Endogenous brain processes play a paramount role in shaping up perceptual phenomenology, as illustrated by the alternations experienced by humans (and other animals) when watching perceptually ambiguous, static images. Here, we hypothesised that endogenous alpha fluctuations in the visual cortex pace the accumulation of sensory information leading to perceptual outcomes. We addressed this hypothesis using binocular rivalry combined with visual entrainment and electroencephalography in humans (42 female, 40 male). The results revealed a correlation between the individual frequency of alpha oscillations in the occipital cortex and perceptual alternation rates experienced during binocular rivalry. In subsequent experiments we show that regulating endogenous brain activity via entrainment produced corresponding changes in perceptual alternation rate, which were observed only in the alpha range but not at lower entrainment frequencies. Overall, rhythmic alpha stimulation resulted in faster perceptual alternation rates, compared to arrhythmic or no stimulation. These findings support the notion that visual information is accumulated via alpha cycles to promote the emergence of conscious perceptual representations. We suggest that models of binocular rivalry incorporating posterior alpha as a pacemaker can provide an important advance in the comprehension of the dynamics of visual awareness.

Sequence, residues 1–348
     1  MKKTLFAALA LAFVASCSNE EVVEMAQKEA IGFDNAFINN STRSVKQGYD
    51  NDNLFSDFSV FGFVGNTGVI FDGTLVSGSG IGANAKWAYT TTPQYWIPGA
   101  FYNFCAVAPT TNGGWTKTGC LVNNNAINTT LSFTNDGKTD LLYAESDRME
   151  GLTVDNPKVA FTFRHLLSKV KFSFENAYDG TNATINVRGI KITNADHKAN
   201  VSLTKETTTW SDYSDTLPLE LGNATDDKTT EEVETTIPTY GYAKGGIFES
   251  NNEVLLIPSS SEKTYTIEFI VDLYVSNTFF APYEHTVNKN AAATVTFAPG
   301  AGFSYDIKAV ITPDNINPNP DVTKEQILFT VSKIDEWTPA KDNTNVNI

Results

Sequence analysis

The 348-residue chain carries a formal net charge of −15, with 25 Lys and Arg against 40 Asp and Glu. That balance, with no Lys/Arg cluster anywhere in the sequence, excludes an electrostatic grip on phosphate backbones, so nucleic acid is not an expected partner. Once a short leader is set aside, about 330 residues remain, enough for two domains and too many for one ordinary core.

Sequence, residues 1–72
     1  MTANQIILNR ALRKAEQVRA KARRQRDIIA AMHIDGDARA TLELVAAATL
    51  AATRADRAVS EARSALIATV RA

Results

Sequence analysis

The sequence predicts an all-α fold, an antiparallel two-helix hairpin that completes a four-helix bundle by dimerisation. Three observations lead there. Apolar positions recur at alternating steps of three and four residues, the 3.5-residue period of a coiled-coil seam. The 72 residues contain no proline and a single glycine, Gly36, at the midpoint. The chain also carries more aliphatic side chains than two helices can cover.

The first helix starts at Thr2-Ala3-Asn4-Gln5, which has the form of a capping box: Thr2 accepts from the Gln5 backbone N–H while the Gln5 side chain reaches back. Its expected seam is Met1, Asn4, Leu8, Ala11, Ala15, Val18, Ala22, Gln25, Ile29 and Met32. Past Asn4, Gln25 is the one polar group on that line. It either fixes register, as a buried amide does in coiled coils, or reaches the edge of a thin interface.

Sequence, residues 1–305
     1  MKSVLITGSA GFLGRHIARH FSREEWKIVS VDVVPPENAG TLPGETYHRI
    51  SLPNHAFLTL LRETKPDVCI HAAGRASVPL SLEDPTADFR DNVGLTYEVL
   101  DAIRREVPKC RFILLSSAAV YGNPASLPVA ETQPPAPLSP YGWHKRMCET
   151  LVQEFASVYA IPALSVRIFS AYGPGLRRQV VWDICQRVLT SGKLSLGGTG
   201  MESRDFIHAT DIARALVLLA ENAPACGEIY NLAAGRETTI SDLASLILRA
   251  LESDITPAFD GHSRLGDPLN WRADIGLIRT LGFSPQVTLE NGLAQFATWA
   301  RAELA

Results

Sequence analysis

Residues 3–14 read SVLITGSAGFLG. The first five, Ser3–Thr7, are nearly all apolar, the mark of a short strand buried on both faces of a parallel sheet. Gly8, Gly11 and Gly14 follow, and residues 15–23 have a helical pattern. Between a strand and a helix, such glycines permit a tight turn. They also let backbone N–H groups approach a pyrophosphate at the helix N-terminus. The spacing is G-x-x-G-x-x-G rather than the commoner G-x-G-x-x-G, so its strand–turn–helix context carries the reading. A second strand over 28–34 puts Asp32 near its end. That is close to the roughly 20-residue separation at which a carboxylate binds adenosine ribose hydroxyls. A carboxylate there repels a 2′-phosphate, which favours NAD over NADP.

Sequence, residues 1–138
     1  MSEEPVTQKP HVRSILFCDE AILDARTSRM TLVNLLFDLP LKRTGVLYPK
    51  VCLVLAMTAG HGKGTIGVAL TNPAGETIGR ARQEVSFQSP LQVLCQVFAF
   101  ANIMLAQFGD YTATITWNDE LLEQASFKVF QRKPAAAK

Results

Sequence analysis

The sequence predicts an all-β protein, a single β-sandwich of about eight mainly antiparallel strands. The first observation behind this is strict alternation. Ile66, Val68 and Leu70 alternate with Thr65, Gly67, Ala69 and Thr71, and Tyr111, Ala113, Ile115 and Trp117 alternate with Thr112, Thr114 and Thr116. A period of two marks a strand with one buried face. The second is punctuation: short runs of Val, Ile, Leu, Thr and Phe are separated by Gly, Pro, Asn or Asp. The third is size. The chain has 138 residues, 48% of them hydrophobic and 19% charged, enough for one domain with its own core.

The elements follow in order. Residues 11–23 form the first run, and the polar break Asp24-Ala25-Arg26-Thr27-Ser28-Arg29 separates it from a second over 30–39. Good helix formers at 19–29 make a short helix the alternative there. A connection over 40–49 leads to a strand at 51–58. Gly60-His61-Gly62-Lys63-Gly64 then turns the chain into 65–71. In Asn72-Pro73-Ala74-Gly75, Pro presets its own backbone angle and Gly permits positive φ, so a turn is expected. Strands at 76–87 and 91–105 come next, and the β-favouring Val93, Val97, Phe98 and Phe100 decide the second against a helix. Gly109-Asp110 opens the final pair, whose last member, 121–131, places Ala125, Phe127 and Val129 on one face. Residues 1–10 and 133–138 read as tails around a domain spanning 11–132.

bioRxiv Subject Collection: Neuroscience